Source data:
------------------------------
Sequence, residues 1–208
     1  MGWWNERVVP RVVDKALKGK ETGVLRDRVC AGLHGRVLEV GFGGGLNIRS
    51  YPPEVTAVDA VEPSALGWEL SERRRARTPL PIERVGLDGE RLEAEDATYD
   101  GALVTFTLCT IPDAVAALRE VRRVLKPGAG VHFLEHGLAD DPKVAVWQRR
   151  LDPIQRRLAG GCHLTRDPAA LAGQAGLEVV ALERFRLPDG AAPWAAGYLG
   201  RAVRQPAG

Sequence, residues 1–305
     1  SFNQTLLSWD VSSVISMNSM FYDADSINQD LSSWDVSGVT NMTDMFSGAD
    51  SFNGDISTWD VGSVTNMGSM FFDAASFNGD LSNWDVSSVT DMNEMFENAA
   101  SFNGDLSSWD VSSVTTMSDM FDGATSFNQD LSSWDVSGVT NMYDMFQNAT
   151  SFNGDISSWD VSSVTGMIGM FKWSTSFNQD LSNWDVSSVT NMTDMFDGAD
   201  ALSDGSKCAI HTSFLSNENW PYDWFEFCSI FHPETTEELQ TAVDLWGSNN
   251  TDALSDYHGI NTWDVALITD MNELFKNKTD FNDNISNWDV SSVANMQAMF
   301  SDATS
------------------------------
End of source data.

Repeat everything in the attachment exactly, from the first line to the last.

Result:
Sequence, residues 1–208
     1  MGWWNERVVP RVVDKALKGK ETGVLRDRVC AGLHGRVLEV GFGGGLNIRS
    51  YPPEVTAVDA VEPSALGWEL SERRRARTPL PIERVGLDGE RLEAEDATYD
   101  GALVTFTLCT IPDAVAALRE VRRVLKPGAG VHFLEHGLAD DPKVAVWQRR
   151  LDPIQRRLAG GCHLTRDPAA LAGQAGLEVV ALERFRLPDG AAPWAAGYLG
   201  RAVRQPAG

Sequence, residues 1–305
     1  SFNQTLLSWD VSSVISMNSM FYDADSINQD LSSWDVSGVT NMTDMFSGAD
    51  SFNGDISTWD VGSVTNMGSM FFDAASFNGD LSNWDVSSVT DMNEMFENAA
   101  SFNGDLSSWD VSSVTTMSDM FDGATSFNQD LSSWDVSGVT NMYDMFQNAT
   151  SFNGDISSWD VSSVTGMIGM FKWSTSFNQD LSNWDVSSVT NMTDMFDGAD
   201  ALSDGSKCAI HTSFLSNENW PYDWFEFCSI FHPETTEELQ TAVDLWGSNN
   251  TDALSDYHGI NTWDVALITD MNELFKNKTD FNDNISNWDV SSVANMQAMF
   301  SDATS